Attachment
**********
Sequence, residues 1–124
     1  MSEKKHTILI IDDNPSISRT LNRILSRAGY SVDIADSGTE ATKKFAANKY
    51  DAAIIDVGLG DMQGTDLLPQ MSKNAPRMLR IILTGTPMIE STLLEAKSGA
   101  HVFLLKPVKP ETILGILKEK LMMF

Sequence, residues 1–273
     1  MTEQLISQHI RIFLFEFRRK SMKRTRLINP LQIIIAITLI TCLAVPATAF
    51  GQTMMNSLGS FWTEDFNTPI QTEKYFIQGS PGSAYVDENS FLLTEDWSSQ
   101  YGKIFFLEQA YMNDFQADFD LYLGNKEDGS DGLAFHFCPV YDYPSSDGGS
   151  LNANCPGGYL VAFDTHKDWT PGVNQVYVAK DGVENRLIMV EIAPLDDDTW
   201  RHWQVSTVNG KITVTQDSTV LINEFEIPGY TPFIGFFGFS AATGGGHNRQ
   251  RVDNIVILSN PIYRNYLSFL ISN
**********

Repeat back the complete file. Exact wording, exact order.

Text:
Sequence, residues 1–124
     1  MSEKKHTILI IDDNPSISRT LNRILSRAGY SVDIADSGTE ATKKFAANKY
    51  DAAIIDVGLG DMQGTDLLPQ MSKNAPRMLR IILTGTPMIE STLLEAKSGA
   101  HVFLLKPVKP ETILGILKEK LMMF

Sequence, residues 1–273
     1  MTEQLISQHI RIFLFEFRRK SMKRTRLINP LQIIIAITLI TCLAVPATAF
    51  GQTMMNSLGS FWTEDFNTPI QTEKYFIQGS PGSAYVDENS FLLTEDWSSQ
   101  YGKIFFLEQA YMNDFQADFD LYLGNKEDGS DGLAFHFCPV YDYPSSDGGS
   151  LNANCPGGYL VAFDTHKDWT PGVNQVYVAK DGVENRLIMV EIAPLDDDTW
   201  RHWQVSTVNG KITVTQDSTV LINEFEIPGY TPFIGFFGFS AATGGGHNRQ
   251  RVDNIVILSN PIYRNYLSFL ISN